|Long Island News Channel 12
September 6, 2001
Families Join Eyewitness Lawsuit
This is a scene that will be repeated many times this weekend as families of TWA Flight 800 make their way back to the ocean.
Marge Gross who worked on Long Island for TWA for many years, lost her brother. Each year, she comes here to place 10 roses, 9 for the flight crewmembers she knew and loved, and one for her brother Andrew Krukar.
Marge Gross, sister of Flight 800 victim said, "Like him to be remembered as a great guy, everyone says that about the dead, but he was a sensitive man, had a great vegetable garden and a fantastic flower garden and an even better sense of humor."
Andrew, you may remember was the passenger who was carrying a diamond engagement ring to present to his fiancee in Paris, miraculously, the day after the 747 exploded, the ring was recovered and given to Julie Stuart. Marge though, is troubled by the government investigation conclusion, that the Boeing Jumbo Jet's fuel tank blew up on its own.
Marge said, "I know those same voices wake all of us up in the middle of the night, 2 or 3 o'clock in the morning that something just is wrong, the government's explanation is wrong, and for me that voice keeps getting louder and louder."
Financing for the official Flight 800 memorial here at Smith Point Park beach is nearly complete. To this day, TWA refuses to pay its share. As for the Flight 800 wreckage, it's still in a hangar at Calverton where relatives will visit on Sunday.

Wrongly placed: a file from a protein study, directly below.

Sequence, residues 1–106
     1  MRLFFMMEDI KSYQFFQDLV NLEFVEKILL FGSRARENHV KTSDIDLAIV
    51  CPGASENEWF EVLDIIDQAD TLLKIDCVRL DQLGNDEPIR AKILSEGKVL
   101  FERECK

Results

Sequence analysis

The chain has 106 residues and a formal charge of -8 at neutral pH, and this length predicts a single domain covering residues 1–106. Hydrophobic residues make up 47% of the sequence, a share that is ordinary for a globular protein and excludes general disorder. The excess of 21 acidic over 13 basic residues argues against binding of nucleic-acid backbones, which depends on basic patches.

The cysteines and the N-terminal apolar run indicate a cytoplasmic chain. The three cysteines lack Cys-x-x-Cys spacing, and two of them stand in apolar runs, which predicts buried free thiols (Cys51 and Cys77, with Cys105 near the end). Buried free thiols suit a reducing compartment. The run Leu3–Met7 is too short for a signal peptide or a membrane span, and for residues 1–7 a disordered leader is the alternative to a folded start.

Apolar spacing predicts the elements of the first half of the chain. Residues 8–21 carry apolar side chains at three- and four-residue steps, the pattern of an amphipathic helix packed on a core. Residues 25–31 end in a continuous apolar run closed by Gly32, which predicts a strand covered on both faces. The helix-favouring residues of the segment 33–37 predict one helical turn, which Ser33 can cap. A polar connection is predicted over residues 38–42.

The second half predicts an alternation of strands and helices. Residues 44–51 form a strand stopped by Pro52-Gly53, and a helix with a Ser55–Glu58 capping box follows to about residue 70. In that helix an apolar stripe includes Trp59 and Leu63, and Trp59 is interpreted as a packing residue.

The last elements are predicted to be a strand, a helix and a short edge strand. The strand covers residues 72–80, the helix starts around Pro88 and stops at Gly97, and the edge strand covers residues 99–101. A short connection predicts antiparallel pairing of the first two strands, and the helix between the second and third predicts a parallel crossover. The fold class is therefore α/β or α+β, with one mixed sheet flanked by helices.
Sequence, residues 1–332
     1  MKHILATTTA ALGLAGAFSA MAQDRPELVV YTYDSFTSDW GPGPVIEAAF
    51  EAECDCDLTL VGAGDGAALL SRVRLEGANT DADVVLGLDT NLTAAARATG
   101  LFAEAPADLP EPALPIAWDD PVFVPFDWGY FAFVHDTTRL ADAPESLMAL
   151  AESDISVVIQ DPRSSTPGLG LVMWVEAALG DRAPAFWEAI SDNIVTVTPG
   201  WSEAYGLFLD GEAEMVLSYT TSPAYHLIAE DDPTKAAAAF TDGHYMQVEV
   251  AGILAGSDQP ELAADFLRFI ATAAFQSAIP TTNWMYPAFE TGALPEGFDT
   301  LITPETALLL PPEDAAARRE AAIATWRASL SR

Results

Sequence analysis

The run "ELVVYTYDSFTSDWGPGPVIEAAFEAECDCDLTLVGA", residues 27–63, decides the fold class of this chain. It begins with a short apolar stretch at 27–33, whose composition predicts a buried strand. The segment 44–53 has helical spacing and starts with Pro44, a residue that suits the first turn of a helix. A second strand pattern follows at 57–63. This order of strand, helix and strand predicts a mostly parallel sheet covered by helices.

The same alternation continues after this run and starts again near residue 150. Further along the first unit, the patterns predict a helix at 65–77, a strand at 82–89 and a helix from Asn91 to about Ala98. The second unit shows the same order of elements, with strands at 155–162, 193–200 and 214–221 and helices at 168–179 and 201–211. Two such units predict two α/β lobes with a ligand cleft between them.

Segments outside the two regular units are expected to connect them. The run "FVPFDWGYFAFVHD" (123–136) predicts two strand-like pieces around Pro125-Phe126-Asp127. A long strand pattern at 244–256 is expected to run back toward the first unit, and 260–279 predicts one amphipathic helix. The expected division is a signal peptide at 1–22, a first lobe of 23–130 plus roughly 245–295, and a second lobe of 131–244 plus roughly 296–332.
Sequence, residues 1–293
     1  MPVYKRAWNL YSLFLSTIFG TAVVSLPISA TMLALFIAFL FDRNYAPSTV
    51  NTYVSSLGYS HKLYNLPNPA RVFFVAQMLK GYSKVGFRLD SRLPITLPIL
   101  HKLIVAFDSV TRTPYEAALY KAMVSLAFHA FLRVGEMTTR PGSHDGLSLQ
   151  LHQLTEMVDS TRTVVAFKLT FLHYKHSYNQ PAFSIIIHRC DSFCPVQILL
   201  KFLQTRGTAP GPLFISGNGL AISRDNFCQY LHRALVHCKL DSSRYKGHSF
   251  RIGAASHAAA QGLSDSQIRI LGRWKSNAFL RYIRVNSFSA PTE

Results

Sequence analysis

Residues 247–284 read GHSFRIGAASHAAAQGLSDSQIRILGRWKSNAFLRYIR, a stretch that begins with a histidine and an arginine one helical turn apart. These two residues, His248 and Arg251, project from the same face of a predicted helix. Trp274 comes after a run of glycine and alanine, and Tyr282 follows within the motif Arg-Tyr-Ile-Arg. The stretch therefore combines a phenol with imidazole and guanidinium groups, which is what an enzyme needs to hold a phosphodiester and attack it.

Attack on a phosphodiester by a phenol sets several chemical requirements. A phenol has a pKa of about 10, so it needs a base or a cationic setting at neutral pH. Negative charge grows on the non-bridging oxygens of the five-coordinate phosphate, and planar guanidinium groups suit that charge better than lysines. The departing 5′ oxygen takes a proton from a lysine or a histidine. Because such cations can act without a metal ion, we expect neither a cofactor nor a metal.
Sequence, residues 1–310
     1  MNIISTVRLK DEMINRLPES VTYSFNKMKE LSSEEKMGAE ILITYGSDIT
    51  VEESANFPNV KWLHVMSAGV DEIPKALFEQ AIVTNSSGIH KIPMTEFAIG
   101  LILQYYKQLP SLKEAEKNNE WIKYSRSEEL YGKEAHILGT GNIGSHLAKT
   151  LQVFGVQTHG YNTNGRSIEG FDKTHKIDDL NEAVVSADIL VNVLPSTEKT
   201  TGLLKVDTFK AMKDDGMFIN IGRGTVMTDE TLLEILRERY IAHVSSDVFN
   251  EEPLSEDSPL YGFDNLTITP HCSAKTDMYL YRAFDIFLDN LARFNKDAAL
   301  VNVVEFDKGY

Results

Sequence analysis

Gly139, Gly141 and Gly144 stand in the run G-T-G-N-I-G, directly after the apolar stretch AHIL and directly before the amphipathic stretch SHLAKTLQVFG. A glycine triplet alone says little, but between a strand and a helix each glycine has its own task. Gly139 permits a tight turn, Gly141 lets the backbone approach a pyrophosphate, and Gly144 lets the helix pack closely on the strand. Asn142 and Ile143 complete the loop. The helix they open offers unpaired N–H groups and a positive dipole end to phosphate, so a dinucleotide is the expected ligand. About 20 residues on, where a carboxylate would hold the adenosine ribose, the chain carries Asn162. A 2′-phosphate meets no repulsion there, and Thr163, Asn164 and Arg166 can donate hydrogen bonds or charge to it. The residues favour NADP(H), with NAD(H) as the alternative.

“This time of the year, every year is difficult." Retired sales executive Dick Hammer of East Hampton, lost his wife Beverly on Flight 800, and his 29-year-old daughter Tracy who had a double doctorate in microbiology and veterinary medicine.
Hammer said, “She was very special (Tracy). My wife and I were married for 36 years and again she was a very special person. As the headstone over there indicates she was a mother wife and friend, and those were basically her priorities. She was a mother first, a wife second, and a friend to everyone else."
Unlike Marge Gross, Hammer is pragmatic about the mysterious explosion and what caused it. Still he chokes back tears when talks about the TWA disaster.
"Someone of prominence asked me one time recently, Dick what would you like us to do? I said, bring em' back. He said we can't do that. I said I know and I think that sums up my view of the whole thing, they cannot bring them back," added Hammer.
There were 230 passengers aboard Flight 800, 14 of them from Long Island. Legal sources say all but a handful of families have now settled their lawsuits with TWA and Boeing. While most accept the government conclusion that a spark from an frayed wire most likely ignited center fuel tank vapors, several families are joining a lawsuit against the government demanding release of eyewitness testimony and other evidence that they say could point to a hostile missile firing.
"I will do this till the day I die, the truth's got to come out, when do I stop? When it’s my son, my husband, someone else in my family? No, this is a fight definitely worth standing up for and fighting definitely."
The Transportation Safety Board says it will not comment on the lawsuit and defends its investigation conclusion dismissing hostile missile fire. Private memorial services are planned for the TWA families on Sunday and Tuesday.
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